Even under a heavy pass rush, Foles avoids interceptions

Foles sprints right , pump-fakes to DeSean Jackson (1) and then hits Zach Ertz for 14 yards. Offensive coordinator Pat Shurmur and NBC's Cris Collinsworth said Foles has an issue with dropping his eyes, but that doesn't seem to be the case on this third-quarter play.
Foles sprints right , pump-fakes to DeSean Jackson (1) and then hits Zach Ertz for 14 yards. Offensive coordinator Pat Shurmur and NBC's Cris Collinsworth said Foles has an issue with dropping his eyes, but that doesn't seem to be the case on this third-quarter play.
Posted: January 02, 2014

Nick Foles' philosophy on facing pass-rush pressure can be summed up with the following sentence: Sacks are better than interceptions.

Completions, of course, are the best of all. And incomplete passes when he throws the ball away are the next-best thing. But when the pocket is hot and there is no other option, Foles has taken sacks rather than force passes.

"None of it's predetermined. It's just reaction in the heat of the battle," Foles said Tuesday as the Eagles began preparations for Saturday's wild-card playoff game against the Saints. "When pressure's there, you're trying to get a completion or you're trying to move the ball forward, but the one thing you're trying not to do is put the ball in harm's way."

Foles was pressured on 13 of 31 dropbacks against the Cowboys on Sunday and he was sacked five times. He fumbled once, but it was only the second time this season that he turned the ball over under pressure.

Overall, Foles has been pressured on 124 of 362 drops, according to Pro Football Focus. Of the 26 NFL quarterbacks with as many snaps, Foles is the only one without an interception when under pressure. Only one has taken a higher percentage of sacks.

The Dolphins' Ryan Tannehill has been sacked 26.2 percent to Foles' 22.6 on dropbacks under pressure, but he also has thrown 10 interceptions. Foles' completion percentage (48.9) is only ninth-best under pressure, but no one has avoided mistakes as much.

"I'm just trying to be as smart as I can with the ball," Foles said. "If I can throw it away, I want to throw it away. But sometimes there's not a good throwaway lane, so sometimes you just have to eat it."

The Saints like to bring extra pass rushers. Defensive coordinator Rob Ryan is as aggressive as they come, but he can be selective with his blitzes. He hardly blitzed against Cowboys quarterback Tony Romo in November and the Saints won in a blowout. He didn't blitz quarterback Russell Wilson that much four weeks later, and the Seahawks pounded New Orleans.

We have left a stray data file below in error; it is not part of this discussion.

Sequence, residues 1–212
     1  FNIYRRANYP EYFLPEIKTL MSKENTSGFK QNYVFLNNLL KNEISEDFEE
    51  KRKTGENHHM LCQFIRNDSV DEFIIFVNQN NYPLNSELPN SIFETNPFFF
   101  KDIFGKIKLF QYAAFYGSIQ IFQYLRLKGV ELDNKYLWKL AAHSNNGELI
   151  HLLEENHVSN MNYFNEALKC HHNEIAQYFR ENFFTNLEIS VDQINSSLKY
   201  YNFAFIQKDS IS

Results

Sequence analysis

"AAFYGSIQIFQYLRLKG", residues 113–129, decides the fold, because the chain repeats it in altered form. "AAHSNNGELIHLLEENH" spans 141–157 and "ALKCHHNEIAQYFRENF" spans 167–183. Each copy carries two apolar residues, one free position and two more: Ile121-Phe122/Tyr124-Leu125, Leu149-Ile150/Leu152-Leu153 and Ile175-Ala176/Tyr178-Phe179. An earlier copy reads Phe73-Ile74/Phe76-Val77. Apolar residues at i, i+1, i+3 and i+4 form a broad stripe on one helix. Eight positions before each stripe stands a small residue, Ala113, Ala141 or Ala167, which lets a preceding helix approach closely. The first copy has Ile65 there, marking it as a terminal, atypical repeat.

"I don't think he's going to change what he does," Eagles offensive coordinator Pat Shurmur said. "We anticipate he'll come after us."

If Ryan can generate as much pressure with just four rushers, led by defensive end Cameron Jordan and outside linebacker Junior Galette, then there won't be as much need to blitz.

Dallas blitzed Foles on 12 of 31 drops, but he completed 8 of 9 passes for 128 yards and a touchdown on those plays. Good quarterbacks look at blitzes as opportunities to take advantage of numbers in the secondary and score points.

The Cowboys generated pressure mostly when they rushed just four. A combination of factors led to the five sacks or Foles' being forced to throw the ball away.

Sometimes the Eagles' protection broke down, or in one case a running back missed an assignment. Sometimes receivers failed to get separation downfield. And sometimes Foles held onto the ball too long.

He made the correct decision in taking the sack, but he never would have gotten into that situation if he had simply tossed the ball away. The Cowboys' first sack and the third-quarter sack on which Foles was stripped likely would not have occurred otherwise. On the latter sack, he failed to see an open receiver.

"There's some times when he could have got it out and others when he threw it away, certainly," Shurmur said. "And then always when you can't make the throw on time, for whatever reason, whether guys are not open or they have done a good job on defense, you want to try to scramble if you can."

A perfect example of Foles' scrambling to avoid pressure happened early in the third quarter. He moved to his right and kept his eyes downfield even though he was being chased by three Cowboys. DeSean Jackson was covered, but Foles bought time and fired a 14-yard pass to Zach Ertz.

NBC broadcaster Cris Collinsworth suggested that Foles' sacks were coming as a result of his dropping his eyes and not focusing downfield. Former Eagles quarterback Kevin Kolb had that problem. Shurmur said it wasn't an issue for Foles.

"When a quarterback is moving around, once he's outside the pocket, you look deep, middle, short with the idea that if you can't make those throws, then you run," Shurmur said. "And then if you try to run and you can't get any yards and you're outside the pocket, then throw it away.

"So they have kind of a mental checklist they go through. They drill it off and it's something that I think he's done a pretty good job of."

In the pocket, Foles has been effective at burning plays by throwing into the feet of his receivers if a screen or some other pass play is busted or he's feeling the heat. He doesn't have the mobility, so why try to extend a play?

"That is what the really, really good quarterbacks do," Eagles coach Chip Kelly said. "It's one of the things that I think Peyton Manning is very underrated [at]. If the play is not there, where he just throws it away . . . [he] immediately moves on to the next play."

Manning has done a better job than Foles of avoiding sacks (11 percent) and completing passes (58.1 percent) when under pressure. But he tossed three interceptions despite being pressured on only 30 more drops.



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